European Central Bank
European Central Bank, abbreviation ECB according to theinternetfaqs, institution founded on 1.6.1998 which, together with the central banks of the 27 member states of the EU (national central banks), forms the European System of Central Banks (ESCB) and since 1.1.1999 (start of the third stage of the European economic and monetary union) is responsible for the uniform monetary policy in the euro area.
With the entry into force of the Treaty of Lisbon (December 1st, 2009) it became an organ of the European Union. The ECB and the ESCB are nonetheless independent.
Goals and tasks
The primary goal of the ECB is to ensure price level stability. On this premise, it supports general economic policy in the Community. The basic tasks include: defining and executing EMU monetary policy, conducting foreign exchange transactions, managing the official foreign exchange reserves of the member states and promoting the smooth running of payment systems.
In addition to the national central banks, the ECB is authorized to issue banknotes. The extensive monetary policy instruments of the ECB include various forms of open market transactions (main refinancing and longer-term refinancing transactions, fine-tuning operations such as foreign exchange swap transactions, taking in time deposits, quick tender transactions, definitive purchases and sales as well as structural operations through the issuance of bonds) the marginal funding facility (standing facility) and the deposit facility), with which an upper and lower interest rate limit can be marked on the money market, as well as the minimum reserve policy.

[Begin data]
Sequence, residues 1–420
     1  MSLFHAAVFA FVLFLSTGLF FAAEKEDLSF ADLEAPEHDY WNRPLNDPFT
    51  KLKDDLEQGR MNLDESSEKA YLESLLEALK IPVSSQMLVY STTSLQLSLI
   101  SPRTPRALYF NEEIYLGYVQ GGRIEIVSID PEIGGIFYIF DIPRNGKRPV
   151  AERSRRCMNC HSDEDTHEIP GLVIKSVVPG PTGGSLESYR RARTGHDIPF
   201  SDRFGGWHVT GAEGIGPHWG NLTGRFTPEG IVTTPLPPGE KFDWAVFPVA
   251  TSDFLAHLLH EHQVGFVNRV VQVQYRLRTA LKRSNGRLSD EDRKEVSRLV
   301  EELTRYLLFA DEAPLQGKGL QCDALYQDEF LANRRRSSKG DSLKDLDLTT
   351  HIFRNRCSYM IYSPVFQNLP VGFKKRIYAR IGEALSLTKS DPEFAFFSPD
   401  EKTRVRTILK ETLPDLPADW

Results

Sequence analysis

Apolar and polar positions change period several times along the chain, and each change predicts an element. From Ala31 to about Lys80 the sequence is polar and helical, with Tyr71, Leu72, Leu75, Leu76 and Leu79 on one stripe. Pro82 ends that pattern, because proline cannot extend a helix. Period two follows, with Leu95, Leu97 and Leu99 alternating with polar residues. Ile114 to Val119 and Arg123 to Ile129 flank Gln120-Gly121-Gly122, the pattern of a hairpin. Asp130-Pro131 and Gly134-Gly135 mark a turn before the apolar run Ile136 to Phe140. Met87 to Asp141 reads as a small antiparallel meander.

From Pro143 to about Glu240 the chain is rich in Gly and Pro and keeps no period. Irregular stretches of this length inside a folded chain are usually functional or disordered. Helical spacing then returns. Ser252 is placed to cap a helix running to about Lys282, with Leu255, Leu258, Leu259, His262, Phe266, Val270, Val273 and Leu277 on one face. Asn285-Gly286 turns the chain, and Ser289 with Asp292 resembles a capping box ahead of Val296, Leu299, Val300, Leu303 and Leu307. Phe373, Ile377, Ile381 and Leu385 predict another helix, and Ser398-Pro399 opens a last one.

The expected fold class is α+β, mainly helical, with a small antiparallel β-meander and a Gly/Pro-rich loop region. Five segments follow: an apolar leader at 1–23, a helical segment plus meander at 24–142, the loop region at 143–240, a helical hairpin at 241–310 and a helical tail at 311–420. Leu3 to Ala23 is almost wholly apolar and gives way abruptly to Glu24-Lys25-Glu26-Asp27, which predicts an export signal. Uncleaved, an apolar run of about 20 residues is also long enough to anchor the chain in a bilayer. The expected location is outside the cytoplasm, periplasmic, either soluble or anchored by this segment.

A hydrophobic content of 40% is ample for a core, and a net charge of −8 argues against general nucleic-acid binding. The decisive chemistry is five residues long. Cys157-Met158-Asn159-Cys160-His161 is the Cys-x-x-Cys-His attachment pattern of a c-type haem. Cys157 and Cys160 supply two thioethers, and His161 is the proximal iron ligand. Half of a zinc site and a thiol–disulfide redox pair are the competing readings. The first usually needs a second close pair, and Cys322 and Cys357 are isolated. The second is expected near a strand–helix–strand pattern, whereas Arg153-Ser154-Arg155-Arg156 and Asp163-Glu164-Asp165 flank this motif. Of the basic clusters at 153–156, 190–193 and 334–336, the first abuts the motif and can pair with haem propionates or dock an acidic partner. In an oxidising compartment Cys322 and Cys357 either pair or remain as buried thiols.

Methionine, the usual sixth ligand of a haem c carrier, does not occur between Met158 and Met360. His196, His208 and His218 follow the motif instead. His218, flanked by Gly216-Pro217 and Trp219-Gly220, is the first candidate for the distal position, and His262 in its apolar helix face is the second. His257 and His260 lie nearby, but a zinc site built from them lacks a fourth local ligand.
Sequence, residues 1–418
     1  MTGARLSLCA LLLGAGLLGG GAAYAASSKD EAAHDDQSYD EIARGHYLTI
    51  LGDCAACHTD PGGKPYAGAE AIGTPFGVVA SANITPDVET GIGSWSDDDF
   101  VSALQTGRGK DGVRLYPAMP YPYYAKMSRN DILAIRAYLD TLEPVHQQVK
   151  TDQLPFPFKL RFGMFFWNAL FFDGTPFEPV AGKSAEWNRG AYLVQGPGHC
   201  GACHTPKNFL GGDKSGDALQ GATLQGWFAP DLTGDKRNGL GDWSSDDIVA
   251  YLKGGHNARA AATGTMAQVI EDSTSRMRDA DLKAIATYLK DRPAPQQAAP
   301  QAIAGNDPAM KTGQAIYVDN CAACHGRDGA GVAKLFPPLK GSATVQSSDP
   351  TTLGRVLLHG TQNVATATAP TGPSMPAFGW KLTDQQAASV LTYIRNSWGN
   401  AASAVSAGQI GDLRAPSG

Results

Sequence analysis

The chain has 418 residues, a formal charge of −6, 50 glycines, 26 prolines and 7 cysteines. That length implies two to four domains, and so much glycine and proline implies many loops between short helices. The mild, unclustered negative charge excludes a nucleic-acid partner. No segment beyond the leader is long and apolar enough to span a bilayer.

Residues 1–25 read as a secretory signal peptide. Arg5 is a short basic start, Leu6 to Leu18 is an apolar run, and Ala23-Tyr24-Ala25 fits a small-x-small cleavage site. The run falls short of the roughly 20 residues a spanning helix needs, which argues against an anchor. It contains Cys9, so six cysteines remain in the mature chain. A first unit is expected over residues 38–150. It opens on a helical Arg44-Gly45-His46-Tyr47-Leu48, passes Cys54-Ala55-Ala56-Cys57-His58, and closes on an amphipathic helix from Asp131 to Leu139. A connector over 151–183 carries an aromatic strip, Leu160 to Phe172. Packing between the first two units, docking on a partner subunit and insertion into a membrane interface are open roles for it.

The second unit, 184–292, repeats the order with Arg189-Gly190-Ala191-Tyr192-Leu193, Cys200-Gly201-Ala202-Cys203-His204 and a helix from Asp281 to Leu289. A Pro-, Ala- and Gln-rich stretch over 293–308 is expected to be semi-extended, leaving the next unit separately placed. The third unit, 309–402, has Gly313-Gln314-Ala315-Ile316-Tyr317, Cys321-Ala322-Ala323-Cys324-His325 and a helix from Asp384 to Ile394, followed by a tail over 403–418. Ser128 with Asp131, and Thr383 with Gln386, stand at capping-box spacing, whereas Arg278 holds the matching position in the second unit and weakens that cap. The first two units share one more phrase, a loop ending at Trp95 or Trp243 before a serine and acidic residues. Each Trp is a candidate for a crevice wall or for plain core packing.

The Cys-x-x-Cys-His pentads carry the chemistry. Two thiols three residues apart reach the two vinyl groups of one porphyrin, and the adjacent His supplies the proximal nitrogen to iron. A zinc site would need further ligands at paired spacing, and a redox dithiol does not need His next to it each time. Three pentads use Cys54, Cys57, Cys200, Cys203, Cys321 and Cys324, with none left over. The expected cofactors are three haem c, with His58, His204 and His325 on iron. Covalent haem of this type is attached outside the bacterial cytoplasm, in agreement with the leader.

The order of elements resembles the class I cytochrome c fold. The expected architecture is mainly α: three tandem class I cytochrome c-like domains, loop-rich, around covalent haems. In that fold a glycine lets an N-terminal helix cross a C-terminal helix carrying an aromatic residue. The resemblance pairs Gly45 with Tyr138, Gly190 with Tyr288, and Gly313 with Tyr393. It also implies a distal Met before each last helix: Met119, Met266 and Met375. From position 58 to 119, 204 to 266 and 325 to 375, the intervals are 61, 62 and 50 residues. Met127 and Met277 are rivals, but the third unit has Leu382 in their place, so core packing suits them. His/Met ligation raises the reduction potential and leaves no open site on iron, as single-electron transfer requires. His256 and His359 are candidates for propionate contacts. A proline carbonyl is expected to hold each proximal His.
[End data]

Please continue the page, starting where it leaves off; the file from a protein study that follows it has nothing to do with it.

In addition, the ECB has a central banking supervisory authority, which started its work on November 4, 2014. The legal basis for this was created in 2013 with the Single Supervisory Mechanism (SSM) (European Banking Union). Its primary task is to restore the soundness of the European banking system and to improve financial stability and integration.
The decision-making bodies of the ECB are the Governing Council (members of the Executive Board and presidents of the national central banks of the euro area countries), which issues the guidelines for monetary policy, and the Executive Board (President, Vice-President and four other members), which conducts day-to-day business. The General Council (President and Vice-President of the ECB as well as the central bank governors of all EU countries) is responsible for reporting on the convergence progress of the EU countries that are not part of the euro zone and for collecting statistical data. The forerunner of the ECB was the European Monetary Institute.
The role of the ECB in the »euro crisis«
In the course of the euro sovereign debt crisis, the ECB took a number of additional measures to protect the functionality of the euro area. In contrast to her previous policy, she decided to buy government bonds instead of exclusively private bank bonds. Central bank money flowed directly into the budget of the indebted countries. This was to prevent national bankruptcy and exit from the Eurosystem. The main destinations of this flow of money via government bonds were Italy, Greece and Spain.
This action by the central bank led to a fundamental conflict of opinion among the European public and also between different states, since many saw the independence of the ECB at risk. The background to this was the stipulation that the bank should not actually buy such bonds in order not to operate any hidden government financing.
As a completely new task for the ECB, banking supervision of systemically important banks in the euro area was added in 2014. This refers to financial institutions that have total assets of more than 30 billion euros or that represent at least 20 percent of the economic output of their home country. The reason for this measure was the lack of capital reserves of many commercial banks, which since then have had to regularly undergo a so-called “stress test”.